Yes, capitalism by its nature is based on cruelty and injustice. Actually, we don’t have capitalism in the world anymore. It’s the system of capitalists who are dominating the resources of the world. They deprive other people of many opportunities. The nature of a capitalist system is unjust distribution of opportunities, natural wealth and riches. In this situation there is no chance for others, so the freedoms of other humans will be restricted, and that is the greatest war against justice.

While all chances for growth, improvement, development will be hindered, – this is injustice by definition. It’s unacceptable to see one side amass colossal wealth in astronomical figures while on the other side they remain in poverty. There are many prisoners in the United States; we also have detainees in Iran. I oppose any form of prison in principle, and I think many prisoners are held captive for two main reasons: firstly discrimination – social gaps cause extreme deprivation and poverty, and secondly, a number of people regard themselves superior than others. They keep their rights for themselves to trump on the rights of society and other people.

If we try to put in place the joint management of the world, then all human beings will partake in society’s interests and effectively participate in shaping that society. Then hopefully detention centers would be scrapped, and in future we will not see anybody behind bars anymore.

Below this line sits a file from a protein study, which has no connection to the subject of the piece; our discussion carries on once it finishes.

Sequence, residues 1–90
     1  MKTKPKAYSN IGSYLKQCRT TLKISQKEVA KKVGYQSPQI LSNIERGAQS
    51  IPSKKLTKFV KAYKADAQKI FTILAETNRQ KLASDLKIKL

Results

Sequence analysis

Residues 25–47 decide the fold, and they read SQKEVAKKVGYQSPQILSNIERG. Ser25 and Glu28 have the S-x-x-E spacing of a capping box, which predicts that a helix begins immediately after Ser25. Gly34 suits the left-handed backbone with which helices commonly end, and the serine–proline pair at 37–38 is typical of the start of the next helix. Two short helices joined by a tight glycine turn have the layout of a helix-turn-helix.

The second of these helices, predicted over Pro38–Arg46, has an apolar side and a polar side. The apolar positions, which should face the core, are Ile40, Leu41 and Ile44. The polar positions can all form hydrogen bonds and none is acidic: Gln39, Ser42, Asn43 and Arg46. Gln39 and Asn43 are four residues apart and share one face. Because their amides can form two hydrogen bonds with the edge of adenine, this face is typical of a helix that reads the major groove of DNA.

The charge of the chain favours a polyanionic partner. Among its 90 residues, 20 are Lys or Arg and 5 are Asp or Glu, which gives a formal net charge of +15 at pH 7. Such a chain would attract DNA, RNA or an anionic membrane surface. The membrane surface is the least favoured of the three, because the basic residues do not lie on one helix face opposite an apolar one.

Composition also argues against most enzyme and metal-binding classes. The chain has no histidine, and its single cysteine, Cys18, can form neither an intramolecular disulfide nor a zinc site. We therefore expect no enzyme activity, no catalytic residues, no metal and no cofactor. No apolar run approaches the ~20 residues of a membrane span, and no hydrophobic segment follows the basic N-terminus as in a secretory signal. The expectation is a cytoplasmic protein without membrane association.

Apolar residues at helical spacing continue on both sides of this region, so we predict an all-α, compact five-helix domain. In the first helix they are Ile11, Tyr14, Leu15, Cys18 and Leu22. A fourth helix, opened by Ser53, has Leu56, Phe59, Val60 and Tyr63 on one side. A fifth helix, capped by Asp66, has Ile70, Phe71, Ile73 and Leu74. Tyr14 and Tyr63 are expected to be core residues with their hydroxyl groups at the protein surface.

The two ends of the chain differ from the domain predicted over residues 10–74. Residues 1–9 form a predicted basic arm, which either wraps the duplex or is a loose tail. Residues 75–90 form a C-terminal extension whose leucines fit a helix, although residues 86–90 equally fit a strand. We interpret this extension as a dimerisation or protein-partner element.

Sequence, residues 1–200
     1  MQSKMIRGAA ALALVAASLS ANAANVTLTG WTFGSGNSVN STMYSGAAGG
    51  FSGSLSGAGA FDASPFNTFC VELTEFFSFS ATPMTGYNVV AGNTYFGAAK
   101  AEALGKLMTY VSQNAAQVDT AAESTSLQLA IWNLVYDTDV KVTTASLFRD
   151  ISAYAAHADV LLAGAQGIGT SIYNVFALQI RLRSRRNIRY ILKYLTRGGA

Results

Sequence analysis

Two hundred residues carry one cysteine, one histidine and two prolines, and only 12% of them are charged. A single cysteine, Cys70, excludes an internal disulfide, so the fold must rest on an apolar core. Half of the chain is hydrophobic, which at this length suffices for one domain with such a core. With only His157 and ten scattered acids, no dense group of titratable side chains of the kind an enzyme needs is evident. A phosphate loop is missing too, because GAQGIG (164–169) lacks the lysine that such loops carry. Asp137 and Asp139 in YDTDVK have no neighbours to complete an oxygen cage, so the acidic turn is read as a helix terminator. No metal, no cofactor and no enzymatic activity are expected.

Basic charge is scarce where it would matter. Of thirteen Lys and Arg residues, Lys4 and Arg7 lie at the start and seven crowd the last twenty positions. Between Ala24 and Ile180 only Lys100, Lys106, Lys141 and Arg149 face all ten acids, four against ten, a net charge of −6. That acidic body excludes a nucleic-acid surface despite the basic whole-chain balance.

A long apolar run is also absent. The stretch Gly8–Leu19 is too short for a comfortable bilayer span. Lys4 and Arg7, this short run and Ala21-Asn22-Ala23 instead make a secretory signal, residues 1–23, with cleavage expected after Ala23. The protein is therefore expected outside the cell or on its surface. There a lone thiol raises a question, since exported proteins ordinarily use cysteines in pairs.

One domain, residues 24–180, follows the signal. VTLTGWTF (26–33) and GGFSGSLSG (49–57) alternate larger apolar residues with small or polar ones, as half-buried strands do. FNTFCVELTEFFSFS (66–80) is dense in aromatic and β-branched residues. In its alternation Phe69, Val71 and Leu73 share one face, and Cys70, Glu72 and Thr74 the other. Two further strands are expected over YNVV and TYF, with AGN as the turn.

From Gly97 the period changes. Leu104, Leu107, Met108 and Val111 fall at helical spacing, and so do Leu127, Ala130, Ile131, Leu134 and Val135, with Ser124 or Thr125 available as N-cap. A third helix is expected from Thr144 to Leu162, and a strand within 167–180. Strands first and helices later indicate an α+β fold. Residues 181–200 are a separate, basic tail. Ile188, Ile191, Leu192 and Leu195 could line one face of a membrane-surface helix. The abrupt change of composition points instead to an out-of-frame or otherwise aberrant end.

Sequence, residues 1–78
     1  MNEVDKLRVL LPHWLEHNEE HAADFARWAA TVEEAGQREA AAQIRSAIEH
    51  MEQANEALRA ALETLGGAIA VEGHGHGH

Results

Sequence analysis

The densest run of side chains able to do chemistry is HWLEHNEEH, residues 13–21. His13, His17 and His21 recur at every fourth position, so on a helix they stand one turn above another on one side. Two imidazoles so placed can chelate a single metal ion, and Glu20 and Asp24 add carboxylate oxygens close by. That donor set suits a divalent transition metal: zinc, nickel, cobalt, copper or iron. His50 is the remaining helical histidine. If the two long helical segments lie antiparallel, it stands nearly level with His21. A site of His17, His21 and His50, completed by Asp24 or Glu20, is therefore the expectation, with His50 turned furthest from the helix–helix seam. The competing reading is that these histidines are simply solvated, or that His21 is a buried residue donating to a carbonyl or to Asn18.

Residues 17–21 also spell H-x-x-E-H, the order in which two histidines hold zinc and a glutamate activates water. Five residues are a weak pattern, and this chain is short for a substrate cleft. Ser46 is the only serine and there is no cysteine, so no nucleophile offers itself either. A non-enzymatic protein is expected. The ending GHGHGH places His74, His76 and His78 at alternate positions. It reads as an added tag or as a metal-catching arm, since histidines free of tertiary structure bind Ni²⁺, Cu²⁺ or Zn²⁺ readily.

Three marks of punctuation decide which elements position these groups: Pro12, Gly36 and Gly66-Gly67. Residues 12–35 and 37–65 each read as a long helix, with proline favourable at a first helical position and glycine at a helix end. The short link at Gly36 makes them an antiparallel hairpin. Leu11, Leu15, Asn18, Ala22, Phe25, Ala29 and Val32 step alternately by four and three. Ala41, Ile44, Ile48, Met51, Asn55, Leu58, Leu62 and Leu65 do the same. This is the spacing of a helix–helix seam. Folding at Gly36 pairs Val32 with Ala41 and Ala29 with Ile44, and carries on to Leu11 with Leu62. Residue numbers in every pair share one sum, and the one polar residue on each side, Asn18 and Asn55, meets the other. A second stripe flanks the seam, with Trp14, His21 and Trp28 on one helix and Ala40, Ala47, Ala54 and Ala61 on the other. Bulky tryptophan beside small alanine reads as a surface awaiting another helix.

Also, some thinkers look at the phenomenon of prison from a different angle. In any geographic location where some people or a nation are under pressure their freedoms are confined, their rights are ignored, and they are not allowed to develop themselves and reach a proper status. Then that geographic location then becomes a prison. Wherever superpowers pressure people, confine them and infringe their rights, that place becomes a jail.

I hope through universal unity and joint efforts by all humans we will not witness anyone making prisons, nor anyone committing such a crime that would make them deserve to be thrown behind bars. If natural sources of wealth and opportunities are distributed evenly we would never see four million people sleeping on park benches in the United States. Humans, every single one of them, are important. Is there a lack of wealth in the United States? If resources and opportunities were divided equally, nobody homeless would remain on the streets.